The attack on the US Capitol happened on 6 January, but photos, videos, and news are still surfacing. Over 400 people have been arrested so far, but at least one of the suspects was caught thanks to Instagram. The FBI used photos and videos from his girlfriend’s Instagram and identified the man with some help of facial recognition.
Facial recognition can be used for good causes, but very often it’s not. You can bypass it by wearing masks or using lasers, but there’s now a way subtler tactics. A team of researchers from the University of Chicago has created Fawkes, the system that confuses facial recognition while still making you look as you. So if you’re concerned about facial recognition software scraping your public photos, Fawkes is free for you to download and use.
Facial recognition technology has been causing quite a stir for a while now. While some are paranoid about it, others find it to be useful, life changing even. Well, now there’s a new website to be either paranoid or thrilled about. PimEyes allows you to upload just one photo of a person, and it will analyze the internet to see where else this person’s photos have been published.
Facial recognition is an incredibly useful consumer tool for organizing our burgeoning photo albums. Companies like Google and Apple have slowly integrated machine learning algorithms into their consumer photo products, which allow you to search by keywords without the need for manual tagging, or to simply click on a face to see more photos of that person.
Facial recognition and video surveillance can have different applications, both good and bad. But government officials in a Chinese city decided to use it for the latter. They photographed people wearing pajamas in public and announced their photos to shame them. And as if that weren’t enough, there were also names and other personal data published along with the photos.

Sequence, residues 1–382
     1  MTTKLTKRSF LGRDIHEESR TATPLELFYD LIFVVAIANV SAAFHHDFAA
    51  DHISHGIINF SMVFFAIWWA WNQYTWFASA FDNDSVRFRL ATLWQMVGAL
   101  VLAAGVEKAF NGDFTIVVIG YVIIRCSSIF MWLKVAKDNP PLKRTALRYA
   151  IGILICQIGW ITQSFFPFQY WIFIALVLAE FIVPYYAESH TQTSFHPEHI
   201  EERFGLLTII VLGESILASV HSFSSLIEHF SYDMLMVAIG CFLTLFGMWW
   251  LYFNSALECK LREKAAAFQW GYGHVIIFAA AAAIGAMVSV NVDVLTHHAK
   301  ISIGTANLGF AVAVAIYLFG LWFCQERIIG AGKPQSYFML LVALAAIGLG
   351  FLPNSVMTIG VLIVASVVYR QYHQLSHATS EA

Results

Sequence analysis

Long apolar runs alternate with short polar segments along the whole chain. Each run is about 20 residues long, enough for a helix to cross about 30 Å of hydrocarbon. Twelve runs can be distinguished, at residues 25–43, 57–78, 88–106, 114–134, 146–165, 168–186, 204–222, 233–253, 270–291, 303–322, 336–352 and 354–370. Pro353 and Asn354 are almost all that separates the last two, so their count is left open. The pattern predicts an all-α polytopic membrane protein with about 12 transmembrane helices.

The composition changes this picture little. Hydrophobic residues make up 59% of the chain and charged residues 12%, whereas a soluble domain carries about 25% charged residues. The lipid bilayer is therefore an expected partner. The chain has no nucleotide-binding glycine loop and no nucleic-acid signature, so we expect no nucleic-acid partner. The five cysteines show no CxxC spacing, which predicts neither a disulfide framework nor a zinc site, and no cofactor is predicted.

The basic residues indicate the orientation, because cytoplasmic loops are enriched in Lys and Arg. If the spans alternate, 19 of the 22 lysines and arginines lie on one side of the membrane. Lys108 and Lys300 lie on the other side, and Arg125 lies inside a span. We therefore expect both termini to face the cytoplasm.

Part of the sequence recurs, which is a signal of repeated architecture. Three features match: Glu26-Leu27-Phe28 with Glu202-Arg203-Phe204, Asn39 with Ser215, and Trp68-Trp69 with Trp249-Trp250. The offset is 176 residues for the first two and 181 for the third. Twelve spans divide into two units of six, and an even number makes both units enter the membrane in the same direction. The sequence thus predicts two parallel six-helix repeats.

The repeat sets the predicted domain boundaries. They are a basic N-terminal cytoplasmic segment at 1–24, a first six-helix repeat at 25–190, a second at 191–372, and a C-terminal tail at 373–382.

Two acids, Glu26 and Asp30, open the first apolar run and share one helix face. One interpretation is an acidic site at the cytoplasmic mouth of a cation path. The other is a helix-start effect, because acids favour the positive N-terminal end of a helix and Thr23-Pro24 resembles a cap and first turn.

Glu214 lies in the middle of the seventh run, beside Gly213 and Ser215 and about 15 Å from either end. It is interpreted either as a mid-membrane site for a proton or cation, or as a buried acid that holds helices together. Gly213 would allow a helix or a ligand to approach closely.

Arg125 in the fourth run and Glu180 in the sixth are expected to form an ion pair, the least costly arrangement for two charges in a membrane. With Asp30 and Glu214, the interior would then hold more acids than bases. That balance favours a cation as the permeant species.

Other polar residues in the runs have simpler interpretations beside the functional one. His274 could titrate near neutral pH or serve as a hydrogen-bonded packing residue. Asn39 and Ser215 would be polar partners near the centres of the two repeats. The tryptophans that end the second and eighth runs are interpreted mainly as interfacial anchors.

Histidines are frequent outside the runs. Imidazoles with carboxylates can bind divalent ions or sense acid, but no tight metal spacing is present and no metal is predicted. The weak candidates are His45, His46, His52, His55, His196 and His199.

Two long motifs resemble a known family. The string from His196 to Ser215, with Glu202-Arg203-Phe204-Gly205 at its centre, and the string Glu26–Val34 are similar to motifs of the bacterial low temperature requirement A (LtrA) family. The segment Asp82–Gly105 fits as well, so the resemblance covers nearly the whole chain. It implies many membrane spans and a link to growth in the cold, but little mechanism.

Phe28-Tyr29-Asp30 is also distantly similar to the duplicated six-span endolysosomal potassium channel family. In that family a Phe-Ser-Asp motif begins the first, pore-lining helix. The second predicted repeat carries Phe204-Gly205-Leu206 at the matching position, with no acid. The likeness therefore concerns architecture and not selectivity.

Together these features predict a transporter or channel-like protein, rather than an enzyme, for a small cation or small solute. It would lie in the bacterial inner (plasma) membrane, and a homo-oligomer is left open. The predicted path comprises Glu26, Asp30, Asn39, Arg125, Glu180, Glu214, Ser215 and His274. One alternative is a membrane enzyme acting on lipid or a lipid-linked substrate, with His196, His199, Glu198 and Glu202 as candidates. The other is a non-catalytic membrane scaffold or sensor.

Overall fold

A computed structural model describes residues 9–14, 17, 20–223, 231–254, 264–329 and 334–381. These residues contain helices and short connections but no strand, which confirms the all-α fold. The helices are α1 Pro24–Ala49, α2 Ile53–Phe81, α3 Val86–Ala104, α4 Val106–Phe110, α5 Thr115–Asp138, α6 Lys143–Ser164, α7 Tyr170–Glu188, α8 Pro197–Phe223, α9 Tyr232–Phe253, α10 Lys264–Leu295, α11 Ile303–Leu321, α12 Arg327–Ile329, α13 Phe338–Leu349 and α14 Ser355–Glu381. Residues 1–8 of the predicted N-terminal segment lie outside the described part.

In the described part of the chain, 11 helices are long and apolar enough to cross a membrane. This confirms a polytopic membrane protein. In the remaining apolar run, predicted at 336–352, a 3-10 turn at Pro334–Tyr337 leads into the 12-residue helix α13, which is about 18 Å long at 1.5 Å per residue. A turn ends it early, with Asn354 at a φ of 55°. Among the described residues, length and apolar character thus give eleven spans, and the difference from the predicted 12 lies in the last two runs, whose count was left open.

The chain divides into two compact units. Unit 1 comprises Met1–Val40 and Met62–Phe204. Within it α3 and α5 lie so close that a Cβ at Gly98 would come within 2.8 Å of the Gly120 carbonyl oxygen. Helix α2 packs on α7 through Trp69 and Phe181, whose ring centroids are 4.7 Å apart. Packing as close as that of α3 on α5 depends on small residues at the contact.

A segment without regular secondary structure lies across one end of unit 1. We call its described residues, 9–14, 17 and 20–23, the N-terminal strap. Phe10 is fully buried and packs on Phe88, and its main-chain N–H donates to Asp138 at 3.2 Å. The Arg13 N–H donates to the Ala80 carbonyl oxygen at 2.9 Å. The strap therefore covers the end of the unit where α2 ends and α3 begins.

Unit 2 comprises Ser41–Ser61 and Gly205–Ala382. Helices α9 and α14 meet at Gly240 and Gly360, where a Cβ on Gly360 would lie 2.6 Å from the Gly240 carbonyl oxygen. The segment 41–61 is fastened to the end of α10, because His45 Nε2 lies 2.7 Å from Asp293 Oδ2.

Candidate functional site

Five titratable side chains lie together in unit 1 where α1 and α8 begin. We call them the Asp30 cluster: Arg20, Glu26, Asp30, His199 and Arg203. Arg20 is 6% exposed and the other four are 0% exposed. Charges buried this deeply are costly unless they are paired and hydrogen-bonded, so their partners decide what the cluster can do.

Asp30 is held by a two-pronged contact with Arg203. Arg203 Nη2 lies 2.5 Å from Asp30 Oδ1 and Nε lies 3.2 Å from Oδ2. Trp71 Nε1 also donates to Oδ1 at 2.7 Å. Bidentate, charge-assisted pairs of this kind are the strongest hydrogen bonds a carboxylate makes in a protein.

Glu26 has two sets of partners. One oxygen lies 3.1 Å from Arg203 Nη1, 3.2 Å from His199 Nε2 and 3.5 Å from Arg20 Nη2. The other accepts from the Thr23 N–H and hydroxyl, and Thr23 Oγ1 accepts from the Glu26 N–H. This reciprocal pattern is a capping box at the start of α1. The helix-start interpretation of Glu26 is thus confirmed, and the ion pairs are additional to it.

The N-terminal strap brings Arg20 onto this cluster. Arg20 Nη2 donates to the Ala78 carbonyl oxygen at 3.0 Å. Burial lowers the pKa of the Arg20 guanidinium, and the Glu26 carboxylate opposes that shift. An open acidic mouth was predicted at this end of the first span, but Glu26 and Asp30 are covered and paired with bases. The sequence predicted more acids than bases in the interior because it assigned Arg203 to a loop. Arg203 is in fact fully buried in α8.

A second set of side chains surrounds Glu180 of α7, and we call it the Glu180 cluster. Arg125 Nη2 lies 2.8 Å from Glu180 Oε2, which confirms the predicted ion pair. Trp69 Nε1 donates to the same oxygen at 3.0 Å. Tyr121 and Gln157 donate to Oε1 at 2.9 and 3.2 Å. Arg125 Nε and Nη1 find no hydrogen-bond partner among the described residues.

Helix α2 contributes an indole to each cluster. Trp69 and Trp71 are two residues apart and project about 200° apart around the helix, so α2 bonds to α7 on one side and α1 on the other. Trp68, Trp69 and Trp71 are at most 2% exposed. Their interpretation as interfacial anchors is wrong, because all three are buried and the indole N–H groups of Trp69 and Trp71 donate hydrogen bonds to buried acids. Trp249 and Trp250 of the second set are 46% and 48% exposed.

If you have ever uploaded a photo to Facebook, you know that its image recognition tech automatically suggests tags of people. This feature was set to default, but Facebook announced yesterday that it will no longer offer tag suggestions when you upload a photo. In other words, its facial recognition will no longer be set to default.
On 18 May this year, Taylor Swift’s fans could watch rehearsal clips at her concert at Los Angeles venue Rose Bowl. The clips were played at a special kiosk, but mesmerized fans had no idea that their photos were being taken by a facial recognition camera. The photos were cross-referenced with a database in Nashville, all in order to spot stalkers in case they appear at the concert.
There are several ways to control your drone. DJI lets you do it with hand gestures and by turning your head. But robotics scientists at British Columbia’s Simon Fraser University suggest an alternative method. They are exploring the possibility of controlling the drone with a series of facial expressions. They demonstrate the technology in a paper and two videos, and it looks like a pretty interesting idea.
Google’s Art & Culture app has an amusing new feature. If you take a selfie within the app, it finds your look-alike in a work of art. Google compares your face to over 70,000 artworks in their Art Project database and then tries to find your doppelgänger. Sometimes the results are stunningly accurate. But at other times they’re just hilarious.